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The Brief American Pageant , Sixth Edition
David M. Kennedy, Stanford University
Lizabeth Cohen, Harvard University
Thomas A. Bailey
Mel Piehl, Valparaiso University
Suggested Lecture Topics
Chapter 34
Developing The Chapter: Suggested Lecture Or Discussion Topics


  • Describe the impact of Roosevelt and the New Deal on deeply depressed ordinary Americans, perhaps focusing on how Roosevelt revived spirits and restored faith in the system, even for those who did not agree with all his programs. Include the experiences of ordinary men and women in the 1930s.

    REFERENCES: Studs Terkel, Hard Times (1970); Ann Banks, First Person America.

  • Examine the goals and activities of the major New Deal programs. The "relief-recovery-reform" distinction (pp. 781 and 784) is useful for sorting out the alphabet agencies, as is the distinction between the early NRA-AAA approach and the later TVA-Social Security-Wagner Act reforms. A unifying theme for the whole New Deal is the search to provide greater "security" against the storms and uncertainties of unregulated capitalism.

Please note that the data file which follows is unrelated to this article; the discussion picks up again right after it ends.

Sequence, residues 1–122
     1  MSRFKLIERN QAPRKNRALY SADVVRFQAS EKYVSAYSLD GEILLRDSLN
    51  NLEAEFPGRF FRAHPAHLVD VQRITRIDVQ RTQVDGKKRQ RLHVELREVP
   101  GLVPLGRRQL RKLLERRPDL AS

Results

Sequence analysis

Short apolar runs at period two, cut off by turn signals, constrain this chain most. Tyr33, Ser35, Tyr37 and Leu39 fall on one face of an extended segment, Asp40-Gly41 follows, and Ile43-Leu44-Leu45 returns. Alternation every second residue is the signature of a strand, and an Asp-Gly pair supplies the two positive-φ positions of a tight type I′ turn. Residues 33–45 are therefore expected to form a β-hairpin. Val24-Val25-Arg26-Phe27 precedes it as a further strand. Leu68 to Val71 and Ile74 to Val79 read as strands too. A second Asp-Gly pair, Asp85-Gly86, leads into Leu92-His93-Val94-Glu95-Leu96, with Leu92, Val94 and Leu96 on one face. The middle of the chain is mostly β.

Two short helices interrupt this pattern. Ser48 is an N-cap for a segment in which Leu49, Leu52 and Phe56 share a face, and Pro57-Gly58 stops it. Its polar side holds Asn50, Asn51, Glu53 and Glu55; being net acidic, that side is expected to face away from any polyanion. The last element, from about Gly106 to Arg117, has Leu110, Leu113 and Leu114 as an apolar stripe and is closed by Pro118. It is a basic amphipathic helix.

REFERENCE: David M. Kennedy, Freedom from Fear (1999).

  • Explain the various challenges to Roosevelt from both the popular demagogues and the conservatives. Show how he skillfully "stole the thunder" from the former and used the latter as political whipping boys.

    REFERENCE: Alan Brinkley, Voices of Protest: Huey Long, Father Coughlin, and the Great Depression (1982).

  • Consider the experience of women in the Depression and in the making of the New Deal. Look at both ordinary women in urban and rural areas, as well as more prominent reformers and government figures.

    REFERENCES: Lois Scharf, To Work and to Wed: Female Employment, Feminism, and the Great Depression (1980); Susan Ware, Beyond Suffrage: Women in the New Deal (1981).



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